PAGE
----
foucault at eden.rutgers.edu
Sun Apr 30 07:57:31 MDT 1995
The theory looks eminently reasonable. I have one question, though.
What do we make of the fact that companies these days are speculated on with
a very serious eye to the full takeover price, and the liquidation price.
Traders today have to consider, because their competitors are considering,
owning the company lock, stock, and barrel. Thus you've got many companies
trading at unprecedented earnings multiples, where no profit is there to add
I accept and enjoy the analysis that speculation drives its own
economies. I've often thought so. What does it mean in terms of surplus
value ? If a company can generate so much value beyond today's product, how
do socialists "tap in" to that value on the part of workers. Another thing
that interests me is where the speculator gets his money in the first place.
The rich control a vast majority of the productive wealth. Their salaries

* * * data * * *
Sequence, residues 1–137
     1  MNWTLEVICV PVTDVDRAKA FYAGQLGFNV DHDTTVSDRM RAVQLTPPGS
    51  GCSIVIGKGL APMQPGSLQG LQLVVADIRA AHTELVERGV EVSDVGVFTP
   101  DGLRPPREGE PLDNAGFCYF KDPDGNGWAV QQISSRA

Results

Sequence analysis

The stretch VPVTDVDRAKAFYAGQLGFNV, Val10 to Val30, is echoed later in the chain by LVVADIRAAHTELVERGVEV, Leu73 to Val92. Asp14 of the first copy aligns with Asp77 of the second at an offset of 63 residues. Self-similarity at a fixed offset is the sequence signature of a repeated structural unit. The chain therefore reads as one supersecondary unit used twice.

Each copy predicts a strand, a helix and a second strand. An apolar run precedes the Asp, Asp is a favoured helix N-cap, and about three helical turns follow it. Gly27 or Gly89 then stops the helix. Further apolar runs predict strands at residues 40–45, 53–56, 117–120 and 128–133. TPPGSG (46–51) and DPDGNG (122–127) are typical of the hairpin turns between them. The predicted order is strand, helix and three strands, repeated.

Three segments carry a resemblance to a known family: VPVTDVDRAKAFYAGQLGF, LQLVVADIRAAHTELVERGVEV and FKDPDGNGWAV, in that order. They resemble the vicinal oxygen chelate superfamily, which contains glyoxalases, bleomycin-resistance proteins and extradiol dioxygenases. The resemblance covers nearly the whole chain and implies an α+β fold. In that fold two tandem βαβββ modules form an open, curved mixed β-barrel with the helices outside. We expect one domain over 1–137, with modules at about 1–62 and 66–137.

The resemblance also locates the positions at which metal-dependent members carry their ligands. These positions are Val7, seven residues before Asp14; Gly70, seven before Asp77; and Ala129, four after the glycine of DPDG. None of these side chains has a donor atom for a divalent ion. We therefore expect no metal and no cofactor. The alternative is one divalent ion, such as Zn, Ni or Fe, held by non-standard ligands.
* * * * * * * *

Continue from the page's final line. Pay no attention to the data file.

can't be much compared to their earnings from investments, interest rates are
relatively inflexible compared to the stock market, and yet there seem to be
a majority of portfolios with equities predominating. Where does the cash
come from to fuel the rises and falls in stocks ? Even if a firm makes
record earnings, its stock price will often outstrip those earnings. The
better the company's performance. the more dizzying the multiples get. I
just can't see how profit makes it's way into the speculative markets as
cash. Does the increased velocity of money take care of it ? Where are the
speculators getting their cash ?
Finally, what would be the effect if firms became more proprietary ?
Would cash dry up ? Would real profits soar without a cumbersome exchange
structure ? Would there then be huge pools of cash ? Would redistribution
actually decrease total marginal propensity to invest ?
Feel free to pick and choose among these questions.
--- from list marxism at lists.village.virginia.edu ---
More information about the Marxism